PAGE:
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SQL Statememt

I need to write an SQL statement to compare the average number of years of experience it takes a male to become manager vs. the average number of years it takes a female to become manager in this company.

    * employee (emp_id,f_name,l_name,dob,ssn,gender,hire_date)
    * address (emp_id,street,city,state,zip,country,phone)
    * department (dept_id,name)
    * emp_in_dept (emp_id,dept_id,begin_date,end_date)
    * mgr_of_dept (dept_id,emp_id,begin_date,end_date)
    * salary(emp_id,salary,begin_date,end_date)
    * job_title(emp_id,title,begin_date,end_date)


I have so far but I am not sure I am in the ball park with this:

SELECT f_name, l_name, gender, hire_date
FROM employee
WHERE mgr_of_dept, begin_date
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Rowley4
Asked:
Rowley4
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1 Solution
 
Patrick MatthewsCommented:
Assuming that we can ignore cases where an employee is hired, leaves, and then comes back, this is how it would work in SQL Server.

The basic approach would work for MySQL, but you may need a different function than DATEDIFF:

SELECT e.gender, AVG(DATEDIFF(day, e.hire_date, x.begin_date) / 365.25)
FROM employee e INNER JOIN
    (SELECT m.emp_id, MIN(m.begin_date) AS MinDate
    FROM mgr_of_dept m
    GROUP BY m.emp_id) x ON e.emp_id = x.emp_id
GROUP BY e.gender

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There is, of course, one very serious methodological flaw with this approach: by only including the employees that make it to the manager ranks, you are potentially skewing your sample.  For example, suppose that male and female managers both got to the managerial rank after 5 years, but a higher proportion of male employees make it to manager than female employees.  Your average tenure would thus mask a potential bias in favor of the males.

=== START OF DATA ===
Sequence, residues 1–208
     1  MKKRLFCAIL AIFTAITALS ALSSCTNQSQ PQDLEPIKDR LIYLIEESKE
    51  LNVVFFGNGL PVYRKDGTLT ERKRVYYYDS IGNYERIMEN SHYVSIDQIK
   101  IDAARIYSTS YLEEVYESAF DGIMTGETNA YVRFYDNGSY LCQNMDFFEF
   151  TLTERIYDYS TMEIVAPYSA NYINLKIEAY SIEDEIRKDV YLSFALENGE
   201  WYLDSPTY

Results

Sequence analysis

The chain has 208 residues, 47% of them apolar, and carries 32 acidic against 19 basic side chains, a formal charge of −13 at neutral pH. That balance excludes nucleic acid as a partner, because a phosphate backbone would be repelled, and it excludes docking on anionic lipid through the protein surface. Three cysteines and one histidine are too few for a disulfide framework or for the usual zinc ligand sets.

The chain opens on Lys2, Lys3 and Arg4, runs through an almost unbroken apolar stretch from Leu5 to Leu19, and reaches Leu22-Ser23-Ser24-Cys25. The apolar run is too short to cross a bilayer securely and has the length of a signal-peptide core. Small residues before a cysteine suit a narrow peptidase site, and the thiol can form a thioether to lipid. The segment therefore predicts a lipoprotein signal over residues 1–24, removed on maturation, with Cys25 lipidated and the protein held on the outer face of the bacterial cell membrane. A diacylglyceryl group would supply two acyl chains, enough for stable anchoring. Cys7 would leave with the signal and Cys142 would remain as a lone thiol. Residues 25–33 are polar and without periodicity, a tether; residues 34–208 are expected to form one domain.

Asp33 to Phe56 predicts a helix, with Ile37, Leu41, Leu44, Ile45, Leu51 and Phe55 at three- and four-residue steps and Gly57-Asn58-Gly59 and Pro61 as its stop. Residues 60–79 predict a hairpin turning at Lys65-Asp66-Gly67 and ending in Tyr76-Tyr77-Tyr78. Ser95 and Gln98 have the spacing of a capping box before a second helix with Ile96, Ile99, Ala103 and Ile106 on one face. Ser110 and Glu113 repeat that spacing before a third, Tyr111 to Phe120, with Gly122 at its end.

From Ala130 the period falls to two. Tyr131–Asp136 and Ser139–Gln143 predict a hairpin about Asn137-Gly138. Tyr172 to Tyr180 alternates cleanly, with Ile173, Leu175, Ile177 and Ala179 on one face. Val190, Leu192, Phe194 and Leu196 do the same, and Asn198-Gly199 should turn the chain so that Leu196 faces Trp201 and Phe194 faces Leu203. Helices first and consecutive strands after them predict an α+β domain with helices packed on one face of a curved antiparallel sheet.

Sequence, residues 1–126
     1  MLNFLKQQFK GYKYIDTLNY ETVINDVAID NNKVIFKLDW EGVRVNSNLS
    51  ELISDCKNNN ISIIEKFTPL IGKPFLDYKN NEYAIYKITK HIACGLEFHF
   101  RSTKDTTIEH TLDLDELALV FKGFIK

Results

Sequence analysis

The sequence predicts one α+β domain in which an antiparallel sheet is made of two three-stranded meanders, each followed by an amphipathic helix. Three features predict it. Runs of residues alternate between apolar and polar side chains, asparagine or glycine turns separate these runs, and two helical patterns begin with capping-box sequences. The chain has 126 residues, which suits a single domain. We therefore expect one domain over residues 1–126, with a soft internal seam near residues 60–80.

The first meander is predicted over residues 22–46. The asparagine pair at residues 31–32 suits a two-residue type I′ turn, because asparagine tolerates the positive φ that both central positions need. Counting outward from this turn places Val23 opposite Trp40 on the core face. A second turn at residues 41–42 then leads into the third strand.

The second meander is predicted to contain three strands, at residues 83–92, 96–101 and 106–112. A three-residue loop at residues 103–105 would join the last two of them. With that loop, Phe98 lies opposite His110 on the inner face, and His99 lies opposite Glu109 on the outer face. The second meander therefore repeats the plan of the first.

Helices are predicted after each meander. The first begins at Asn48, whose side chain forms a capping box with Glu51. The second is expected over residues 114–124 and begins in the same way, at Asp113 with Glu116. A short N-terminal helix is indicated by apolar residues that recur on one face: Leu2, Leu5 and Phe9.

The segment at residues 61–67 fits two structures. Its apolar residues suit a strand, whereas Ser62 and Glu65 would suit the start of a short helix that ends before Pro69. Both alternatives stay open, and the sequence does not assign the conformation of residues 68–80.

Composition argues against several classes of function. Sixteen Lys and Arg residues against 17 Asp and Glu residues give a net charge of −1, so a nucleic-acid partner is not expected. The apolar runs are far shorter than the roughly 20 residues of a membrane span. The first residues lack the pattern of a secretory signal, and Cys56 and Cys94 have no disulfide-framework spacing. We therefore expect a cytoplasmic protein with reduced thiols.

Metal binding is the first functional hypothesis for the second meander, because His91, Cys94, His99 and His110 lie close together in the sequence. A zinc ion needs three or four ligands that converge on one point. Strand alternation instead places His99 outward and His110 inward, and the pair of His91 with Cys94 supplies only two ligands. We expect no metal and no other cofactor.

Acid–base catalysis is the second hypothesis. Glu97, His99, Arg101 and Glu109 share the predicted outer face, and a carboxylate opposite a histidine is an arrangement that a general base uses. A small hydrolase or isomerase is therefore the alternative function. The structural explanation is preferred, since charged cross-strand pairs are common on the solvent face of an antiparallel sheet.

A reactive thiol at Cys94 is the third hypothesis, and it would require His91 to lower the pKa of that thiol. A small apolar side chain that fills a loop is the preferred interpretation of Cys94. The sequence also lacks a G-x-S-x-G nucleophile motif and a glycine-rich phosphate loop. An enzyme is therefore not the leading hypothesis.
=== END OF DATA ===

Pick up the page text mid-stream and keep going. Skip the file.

Patrick
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Kevin CrossChief Technology OfficerCommented:
Rowley4, is this question and http://www.experts-exchange.com/Q_27302231.html meant to be the same, i.e., was the cutoff code in the other what you are showing above. Just trying to figure out if you are looking for different answers before getting started on this.
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Rowley4Author Commented:
Yes I am looking for different answers. Different questions entirely. Thank you MWVISA1!
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Rowley4Author Commented:
This was a huge help!! Thank you so much!! I was absolutely NOT in the right ball park with this one!
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Patrick MatthewsCommented:
Glad to help!

Just be sure that you read my last note very carefully before you make any inferences based on the result :)
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Kevin CrossChief Technology OfficerCommented:
Thanks for confirming! For DATEDIFF in MySQL, note that it only takes two parameters and the newer date goes first if you want a positive result. i.e., DATEDIFF(x.begin_date, e.hire_date)
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